Three pieces of musique concrete. Unnerving and at times eerie soundscapes, a soundtrack of disquiet. 

 

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reviews

Of an entirely different nature is the music by Kiko Esseiva, of whom I hadn’t heard anything in quite some time, not since his split album with Francesco Meirino (see Vital Weekly 898). Before that a few solo albums (Vital Weekly 839, 824 and 620) and the first release I heard was with Eric Boros
(Vital Weekly 607), also for 1000+1 Tilt Recordings. Esseiva is a composer of musique concrete sound collages. Into the melting pot goes a fine blend of electronics, field recordings, recordings from around the house and a bit of instruments, of which I recognized the piano mostly. These sounds are probably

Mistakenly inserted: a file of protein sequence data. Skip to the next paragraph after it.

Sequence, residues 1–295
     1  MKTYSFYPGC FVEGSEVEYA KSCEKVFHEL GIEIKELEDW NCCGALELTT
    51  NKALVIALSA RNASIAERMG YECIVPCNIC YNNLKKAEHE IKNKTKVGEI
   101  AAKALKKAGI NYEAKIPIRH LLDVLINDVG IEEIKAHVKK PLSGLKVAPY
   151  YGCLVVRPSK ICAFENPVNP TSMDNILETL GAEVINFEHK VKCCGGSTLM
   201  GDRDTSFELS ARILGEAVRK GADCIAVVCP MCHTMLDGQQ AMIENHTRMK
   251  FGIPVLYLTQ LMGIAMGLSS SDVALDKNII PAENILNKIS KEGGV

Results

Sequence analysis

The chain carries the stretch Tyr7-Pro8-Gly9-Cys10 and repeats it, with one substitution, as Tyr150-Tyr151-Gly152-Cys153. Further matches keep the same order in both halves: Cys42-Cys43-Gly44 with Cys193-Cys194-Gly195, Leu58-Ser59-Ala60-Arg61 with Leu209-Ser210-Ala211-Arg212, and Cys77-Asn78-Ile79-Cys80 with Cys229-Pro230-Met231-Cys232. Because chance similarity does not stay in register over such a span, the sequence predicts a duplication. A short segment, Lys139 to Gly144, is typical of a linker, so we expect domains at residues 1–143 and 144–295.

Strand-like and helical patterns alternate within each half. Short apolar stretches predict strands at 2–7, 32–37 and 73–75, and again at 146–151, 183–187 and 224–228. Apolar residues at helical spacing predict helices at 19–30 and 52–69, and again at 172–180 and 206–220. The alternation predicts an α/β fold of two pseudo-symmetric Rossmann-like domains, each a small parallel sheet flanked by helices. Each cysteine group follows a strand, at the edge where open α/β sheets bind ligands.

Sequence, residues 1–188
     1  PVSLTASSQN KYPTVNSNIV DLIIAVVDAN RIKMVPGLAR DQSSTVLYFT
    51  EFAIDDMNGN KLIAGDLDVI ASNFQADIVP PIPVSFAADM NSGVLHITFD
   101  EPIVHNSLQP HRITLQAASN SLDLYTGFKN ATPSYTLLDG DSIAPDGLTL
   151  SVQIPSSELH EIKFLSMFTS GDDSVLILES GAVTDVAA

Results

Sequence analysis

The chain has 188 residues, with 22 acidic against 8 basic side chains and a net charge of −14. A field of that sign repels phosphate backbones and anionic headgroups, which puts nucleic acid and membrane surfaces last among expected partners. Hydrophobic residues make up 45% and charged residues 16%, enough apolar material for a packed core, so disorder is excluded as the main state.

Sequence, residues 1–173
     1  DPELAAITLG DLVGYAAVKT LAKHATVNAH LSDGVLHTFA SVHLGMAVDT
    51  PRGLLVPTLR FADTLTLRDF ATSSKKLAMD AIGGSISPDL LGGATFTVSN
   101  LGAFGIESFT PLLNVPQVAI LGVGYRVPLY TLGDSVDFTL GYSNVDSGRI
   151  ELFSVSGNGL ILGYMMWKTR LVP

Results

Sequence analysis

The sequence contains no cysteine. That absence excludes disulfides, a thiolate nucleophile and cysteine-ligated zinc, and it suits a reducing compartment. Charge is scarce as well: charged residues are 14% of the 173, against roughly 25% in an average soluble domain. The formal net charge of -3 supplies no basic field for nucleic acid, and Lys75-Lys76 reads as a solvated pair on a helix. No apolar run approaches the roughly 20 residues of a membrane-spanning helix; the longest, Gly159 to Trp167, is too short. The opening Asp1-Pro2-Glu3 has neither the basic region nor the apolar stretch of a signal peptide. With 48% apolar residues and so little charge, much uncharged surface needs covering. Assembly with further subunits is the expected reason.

processed in some way or another and layered together in a very fine way. Mostly these sounds are stretched out quite a bit and superimposed on each other; maybe Esseiva uses a bit of time stretching, maybe loops, I am not sure of either (or both) and acoustic elements are looped on top; sometimes they
are cut out abruptly and something else happens. In ‘Amplitudes Des Serpents’ this is done with some delicate and excellent quality. It is a very mysterious world that he pictures in this piece of shimmering sustaining sounds versus acoustic loops. That is a great piece, but so are the other two. Here we have
mild noise passages, slightly distorted organ sounds and looped field recordings. This is an excellent release, maybe his best yet? Not necessarily a very innovative sound, but very much his own approach to the genre of musique concrete. (FdW) (vital weekly)